Bjorn Again drummer and manager John Tyrrell on money, money, money
John Tyrrell is a drummer and the world's foremost tribute band manager.
The ABBA-themed Bjorn Again franchise has celebrated more than 30 years of touring, including playing for the 100,000-strong Glastonbury crowd three times.
In 2016, Tyrrell took over the management of Queen tribute band, Queen Forever, which, following the huge success of the film Bohemian Rhapsody, sold out stadiums in Australia and overseas.
What was your first job?
My first job was doing paper founds at the age of 13 to save up for my first drum kit. (I was always the drummer in Bjorn Again!) Before the drum kit I only had plastic ice cream containers to use as drums. My dad was a teacher, and I was one of five kids. We didn't have anything materially, but we were really happy.
I worked really hard doing the paper run and when I got halfway to the goal, my parents said, well you've saved half and we'll chip in the other half. I was so thrilled that they did that and I was able to buy a second-hand drum kit.
Did you always know you'd end up in music for a living?
I used to watch Countdown and think I wasn't good enough. I thought 'let other people do that, it's not my world'. When I got to my late teens people said I was a good drummer, but I didn't know how to get onto Countdown. My school had shit musicians, not like U2 where four guys met and formed U2! When I finished high school, I did two engineering degrees - manufacturing engineering and chemical engineering - and worked at Comalco (now Rio Tinto) as a research scientist but I always played in a band.
I left Comalco when a mate and I started Bjorn Again, and I always thought I'd do that for a couple of years and fall back to engineering if that didn't work. During COVID, particularly during the second lockdown in Melbourne, I thought I'd better find my lab coat and helmet but I didn't need to do that.
What's the best money advice you've ever received?
Not to take out loans for an asset that depreciates. It was firmly ingrained by my mum and dad that if I wanted something I had to save up and get it. My mum and dad were very down-to-earth people - if the telly went bung we couldn't watch telly. We prioritised food on the table, schooling, then other things.
What's the best investment decision you've made?
The best investment was when Bjorn Again moved to London in 1992 and we decided to buy a little place in London when everyone else was renting. After first year there we knew the band was going to take off, so rather than the company paying for hotels, we realised we'd have to set up base, and we grit our teeth and bought a place.
The goal wasn't to make money but to save it and by 1997 the place had tripled in price. We bought another place - a bigger place and that did well, too. Our first two houses were our first investments and when we relocated back to Melbourne, the exchange rate for the pound was three times that of the AUD which was amazing (it's about two now).
Also, when we bought in London, interest rates were 3-4%. We did the calculations and realised we'd be paying half for a mortgage that others would be paying in rent over that time.
What's the worst investment decision you've made?
A couple of marketing decisions with the business. We put our faith in a marketing company when social media was taking off, about nine years ago, but I think they completely ripped us off and I was really unhappy with that.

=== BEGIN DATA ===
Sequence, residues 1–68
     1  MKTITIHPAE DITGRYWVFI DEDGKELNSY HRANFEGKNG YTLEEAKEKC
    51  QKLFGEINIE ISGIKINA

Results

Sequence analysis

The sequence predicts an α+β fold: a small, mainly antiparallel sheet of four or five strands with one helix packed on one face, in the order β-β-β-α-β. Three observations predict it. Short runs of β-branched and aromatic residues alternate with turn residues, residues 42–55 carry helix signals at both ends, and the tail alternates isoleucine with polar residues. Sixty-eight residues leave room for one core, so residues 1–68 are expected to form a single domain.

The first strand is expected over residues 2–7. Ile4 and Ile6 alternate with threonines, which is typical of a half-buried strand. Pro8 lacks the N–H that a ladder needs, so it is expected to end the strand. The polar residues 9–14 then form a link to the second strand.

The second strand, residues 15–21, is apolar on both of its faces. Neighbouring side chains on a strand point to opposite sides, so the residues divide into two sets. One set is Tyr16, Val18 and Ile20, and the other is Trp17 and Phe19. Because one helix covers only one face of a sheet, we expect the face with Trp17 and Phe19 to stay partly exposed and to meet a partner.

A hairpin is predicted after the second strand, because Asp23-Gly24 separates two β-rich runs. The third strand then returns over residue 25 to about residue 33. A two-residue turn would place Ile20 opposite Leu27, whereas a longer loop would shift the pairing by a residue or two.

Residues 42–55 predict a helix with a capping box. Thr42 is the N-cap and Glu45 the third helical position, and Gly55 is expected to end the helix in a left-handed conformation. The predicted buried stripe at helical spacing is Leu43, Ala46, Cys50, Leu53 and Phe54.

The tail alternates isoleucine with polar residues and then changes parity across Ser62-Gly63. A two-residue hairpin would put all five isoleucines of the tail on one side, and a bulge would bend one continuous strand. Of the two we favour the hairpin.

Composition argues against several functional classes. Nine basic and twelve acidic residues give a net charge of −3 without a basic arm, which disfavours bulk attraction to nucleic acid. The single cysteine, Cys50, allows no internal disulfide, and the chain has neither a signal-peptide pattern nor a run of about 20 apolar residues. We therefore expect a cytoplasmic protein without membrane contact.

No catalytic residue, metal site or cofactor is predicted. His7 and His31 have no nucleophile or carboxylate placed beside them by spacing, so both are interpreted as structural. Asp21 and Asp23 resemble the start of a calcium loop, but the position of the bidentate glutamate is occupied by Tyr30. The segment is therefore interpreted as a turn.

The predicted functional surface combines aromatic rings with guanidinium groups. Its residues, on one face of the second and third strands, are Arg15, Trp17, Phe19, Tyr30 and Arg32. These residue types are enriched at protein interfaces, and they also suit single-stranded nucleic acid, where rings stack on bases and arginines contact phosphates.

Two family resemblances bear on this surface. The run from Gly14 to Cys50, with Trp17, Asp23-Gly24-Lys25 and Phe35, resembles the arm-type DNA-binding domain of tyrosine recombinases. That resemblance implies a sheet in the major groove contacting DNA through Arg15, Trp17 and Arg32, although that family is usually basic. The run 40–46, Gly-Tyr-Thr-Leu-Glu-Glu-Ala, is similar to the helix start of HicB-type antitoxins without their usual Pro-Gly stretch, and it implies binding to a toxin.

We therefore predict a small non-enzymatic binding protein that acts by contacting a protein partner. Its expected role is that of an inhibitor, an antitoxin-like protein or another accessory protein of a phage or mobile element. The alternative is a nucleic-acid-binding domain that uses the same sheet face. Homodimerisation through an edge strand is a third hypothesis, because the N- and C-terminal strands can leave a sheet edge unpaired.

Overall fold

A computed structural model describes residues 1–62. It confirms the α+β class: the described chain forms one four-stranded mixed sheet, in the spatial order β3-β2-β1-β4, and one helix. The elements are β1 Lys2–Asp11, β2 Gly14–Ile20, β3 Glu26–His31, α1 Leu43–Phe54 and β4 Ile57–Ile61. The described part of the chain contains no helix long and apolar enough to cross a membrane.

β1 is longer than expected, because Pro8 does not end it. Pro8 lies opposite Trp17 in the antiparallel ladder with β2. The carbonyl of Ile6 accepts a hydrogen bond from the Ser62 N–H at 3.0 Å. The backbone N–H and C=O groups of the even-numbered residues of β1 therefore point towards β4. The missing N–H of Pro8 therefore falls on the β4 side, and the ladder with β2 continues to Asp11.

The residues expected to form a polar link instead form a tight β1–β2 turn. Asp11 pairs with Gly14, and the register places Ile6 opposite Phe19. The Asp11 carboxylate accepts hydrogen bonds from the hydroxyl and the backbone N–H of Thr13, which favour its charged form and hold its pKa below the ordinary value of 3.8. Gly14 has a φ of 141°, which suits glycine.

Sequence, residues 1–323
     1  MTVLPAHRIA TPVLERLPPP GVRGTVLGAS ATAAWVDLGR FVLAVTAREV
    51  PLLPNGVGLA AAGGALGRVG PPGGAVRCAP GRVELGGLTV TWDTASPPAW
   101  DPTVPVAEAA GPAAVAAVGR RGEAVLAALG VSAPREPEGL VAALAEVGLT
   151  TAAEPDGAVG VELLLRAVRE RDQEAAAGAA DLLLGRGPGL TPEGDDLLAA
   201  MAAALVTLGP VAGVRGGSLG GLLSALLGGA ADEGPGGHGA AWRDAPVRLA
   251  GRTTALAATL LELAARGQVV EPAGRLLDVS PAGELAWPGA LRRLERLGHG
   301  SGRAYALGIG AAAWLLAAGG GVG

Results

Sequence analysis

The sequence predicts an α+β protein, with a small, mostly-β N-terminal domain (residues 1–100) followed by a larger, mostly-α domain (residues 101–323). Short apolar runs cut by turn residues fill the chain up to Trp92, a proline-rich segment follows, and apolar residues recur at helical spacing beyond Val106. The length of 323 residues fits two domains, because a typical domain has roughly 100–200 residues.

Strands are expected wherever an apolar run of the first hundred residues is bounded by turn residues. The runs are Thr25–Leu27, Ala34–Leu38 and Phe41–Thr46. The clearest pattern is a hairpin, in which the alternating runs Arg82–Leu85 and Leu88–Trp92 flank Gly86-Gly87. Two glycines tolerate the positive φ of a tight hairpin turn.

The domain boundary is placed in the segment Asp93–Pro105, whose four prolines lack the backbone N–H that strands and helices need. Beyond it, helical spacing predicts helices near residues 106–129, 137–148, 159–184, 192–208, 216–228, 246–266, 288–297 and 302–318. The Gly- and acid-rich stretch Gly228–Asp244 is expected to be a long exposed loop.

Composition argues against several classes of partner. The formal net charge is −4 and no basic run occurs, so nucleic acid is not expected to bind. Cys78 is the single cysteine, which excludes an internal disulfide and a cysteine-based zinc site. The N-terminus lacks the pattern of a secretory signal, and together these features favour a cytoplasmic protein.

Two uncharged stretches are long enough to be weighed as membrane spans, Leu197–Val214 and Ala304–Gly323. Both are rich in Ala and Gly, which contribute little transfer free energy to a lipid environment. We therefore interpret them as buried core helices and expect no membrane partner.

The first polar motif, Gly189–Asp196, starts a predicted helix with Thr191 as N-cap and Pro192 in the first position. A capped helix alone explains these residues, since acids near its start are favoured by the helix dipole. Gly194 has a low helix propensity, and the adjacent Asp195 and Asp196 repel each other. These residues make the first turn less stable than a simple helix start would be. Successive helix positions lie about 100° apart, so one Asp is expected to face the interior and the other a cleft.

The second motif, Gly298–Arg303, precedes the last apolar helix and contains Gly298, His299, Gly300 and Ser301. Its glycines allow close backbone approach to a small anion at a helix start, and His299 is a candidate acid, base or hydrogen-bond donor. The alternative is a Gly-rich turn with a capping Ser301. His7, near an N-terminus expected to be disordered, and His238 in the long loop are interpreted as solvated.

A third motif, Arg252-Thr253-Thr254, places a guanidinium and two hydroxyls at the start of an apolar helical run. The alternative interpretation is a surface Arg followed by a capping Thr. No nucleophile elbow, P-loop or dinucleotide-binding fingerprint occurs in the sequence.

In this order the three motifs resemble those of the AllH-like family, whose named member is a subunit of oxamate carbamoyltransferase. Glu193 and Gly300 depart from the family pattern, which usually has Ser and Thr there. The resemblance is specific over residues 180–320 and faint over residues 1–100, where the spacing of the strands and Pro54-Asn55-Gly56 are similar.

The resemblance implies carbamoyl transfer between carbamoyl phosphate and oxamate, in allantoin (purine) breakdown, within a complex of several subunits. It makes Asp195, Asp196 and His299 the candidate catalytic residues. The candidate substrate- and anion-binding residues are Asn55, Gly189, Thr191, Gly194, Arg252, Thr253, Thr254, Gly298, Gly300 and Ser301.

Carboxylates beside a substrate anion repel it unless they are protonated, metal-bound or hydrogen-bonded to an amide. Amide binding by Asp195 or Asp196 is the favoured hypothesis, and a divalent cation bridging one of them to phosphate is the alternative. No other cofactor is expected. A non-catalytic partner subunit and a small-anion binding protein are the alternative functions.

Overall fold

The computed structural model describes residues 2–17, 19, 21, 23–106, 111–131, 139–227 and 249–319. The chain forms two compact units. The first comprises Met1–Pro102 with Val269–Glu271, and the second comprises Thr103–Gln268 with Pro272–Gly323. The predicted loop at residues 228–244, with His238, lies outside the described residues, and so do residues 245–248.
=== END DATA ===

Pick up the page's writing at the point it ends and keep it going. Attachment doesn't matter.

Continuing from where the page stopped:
What is your favourite thing to splurge on?
I'm not a splurge but when I do, it's usually holidays. We've got three daughters aged from 17 to 22 and every two years we go on a pretty splurgy holiday.
If you had $10,000 where would you invest it?
I'd put it towards our various investment property loans.
What would you do if you only had $50 left in the bank?
I've got confidence in myself and my wife and we'd roll our sleeves up and do anything we needed to do for the girls. I'd mow lawns, teach, go back to engineering ... as long as we're together we don't care. Even though we've done well, I've never been money-driven.
Do you intend to leave an inheritance?
Yes, to our daughters and to some charities. My youngest sister died of bowel cancer at age 39, so from time to time we help out charities like Bowel Cancer Australia and the Breast Cancer Foundation.
What's been your best money-making career move?
Definitely Bjorn Again and taking the punt. We toured all around Australia, before taking the band to the UK in 1991. We had to save our pennies and proceeds from gigs. Not one agent promoter or anyone wanted to help - they said you can't take a cover band overseas. Michael Gudinski, Michael Chugg and Paul Dainty all said it's never been done.
I rang all the UK venues and said, 'I'm John Tyrrell calling from Melbourne, Australia, can I book the venue?' I had to book venues myself and we took two weeks of little clubs and the public really got behind it from the very first gig in Notting Hill. To take that over to the UK when everyone said don't do it, it won't work - we backed the product.
In 2016 we went to a tribute show and met the guys from Queen Forever. They were pretty good but they didn't know how to run a band - and even though they had been around for 10 years, hadn't made a cent. I took over the management, and changed everything about them, even their name and then Bohemian Rhapsody came out. We had booked a whole lot of big theatres and after the film came out in December 2018, everything was sold out. We'd ridden the big wave - it was a hell of a gamble.
Finish this sentence: money makes...
... some people truly happy but only very few. But in the words of ABBA, "Money money is always sunny in a rich man's world."
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